Can profitable arbitrage opportunities in the raw cotton market explain Britain’s continued preference for mule spinning?
AbstractIn an influential article Saxonhouse and Wright argued that the quality of local cotton was the single most important factor in explaining national preferences for ring or mule spinning. For Britain, they argue that mills using more flexible mule spindles could exploit arbitrage opportunities between different types of cotton in the Liverpool market, reducing the incentives to adopt rings. We use newly assembled price data to show that such cost-reducing arbitrage opportunities were small. We argue instead that the primary determinants of Lancashire’s technological choice were demand factors, but that the availability of good raw cotton did determine technological choice in emerging cotton industries.
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Bibliographic InfoPaper provided by London School of Economics and Political Science, Department of Economic History in its series Economic History Working Papers with number 515.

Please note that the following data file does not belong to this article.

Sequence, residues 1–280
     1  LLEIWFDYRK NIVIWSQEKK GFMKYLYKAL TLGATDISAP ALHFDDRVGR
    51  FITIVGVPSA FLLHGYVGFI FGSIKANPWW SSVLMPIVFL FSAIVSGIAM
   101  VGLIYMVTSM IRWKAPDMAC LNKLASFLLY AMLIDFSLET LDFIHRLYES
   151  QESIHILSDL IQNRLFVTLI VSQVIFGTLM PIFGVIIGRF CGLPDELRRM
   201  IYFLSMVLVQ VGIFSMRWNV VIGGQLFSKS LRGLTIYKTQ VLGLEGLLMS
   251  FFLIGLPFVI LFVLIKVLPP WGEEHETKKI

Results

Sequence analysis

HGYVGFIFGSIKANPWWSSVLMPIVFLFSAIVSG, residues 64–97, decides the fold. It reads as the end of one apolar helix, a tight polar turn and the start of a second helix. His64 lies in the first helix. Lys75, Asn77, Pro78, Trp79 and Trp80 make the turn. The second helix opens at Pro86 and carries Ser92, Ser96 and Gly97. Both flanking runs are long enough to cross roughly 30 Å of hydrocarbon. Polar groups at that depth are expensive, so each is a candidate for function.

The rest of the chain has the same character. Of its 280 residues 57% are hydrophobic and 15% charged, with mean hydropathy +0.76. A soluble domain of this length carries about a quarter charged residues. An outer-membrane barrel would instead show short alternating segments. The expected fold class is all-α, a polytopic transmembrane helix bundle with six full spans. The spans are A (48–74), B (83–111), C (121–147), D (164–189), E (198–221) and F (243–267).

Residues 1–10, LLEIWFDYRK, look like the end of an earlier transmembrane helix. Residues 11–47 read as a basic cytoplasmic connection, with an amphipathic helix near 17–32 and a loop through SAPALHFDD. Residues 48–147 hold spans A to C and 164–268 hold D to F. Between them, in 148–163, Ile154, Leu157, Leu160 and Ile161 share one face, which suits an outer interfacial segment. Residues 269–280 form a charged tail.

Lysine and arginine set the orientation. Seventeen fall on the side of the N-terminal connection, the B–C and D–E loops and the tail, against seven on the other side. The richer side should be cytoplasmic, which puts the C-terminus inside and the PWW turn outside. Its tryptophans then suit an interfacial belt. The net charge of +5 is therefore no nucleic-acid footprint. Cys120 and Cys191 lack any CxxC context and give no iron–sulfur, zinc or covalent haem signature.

Length: 23 pages
Date of creation: Nov 2002
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Find related papers by JEL classification:
- N0 - Economic History - - General
- O52 - Economic Development, Technological Change, and Growth - - Economywide Country Studies - - - Europe
Please report citation or reference errors to , or , if you are the registered author of the cited work, log in to your RePEc Author Service profile, click on "citations" and make appropriate adjustments.:
- Cox, Alonzo B., 1928. "Marketing American Cotton in England," Technical Bulletins 156323, United States Department of Agriculture, Economic Research Service.
- Lazonick, William, 1981. "Factor Costs and the Diffusion of Ring Spinning in Britain Prior to World War I," The Quarterly Journal of Economics, MIT Press, vol. 96(1), pages 89-109, February.
- Sandberg, Lars G, 1969. "American Rings and English Mules: The Role of Economic Rationality," The Quarterly Journal of Economics, MIT Press, vol. 83(1), pages 25-43, February.
- Gary Saxonhouse & Gavin Wright, 1987. "Stubborn mules and vertical integration: the disappearing constraint?," Economic History Review, Economic History Society, vol. 40(1), pages 87-94, 02.
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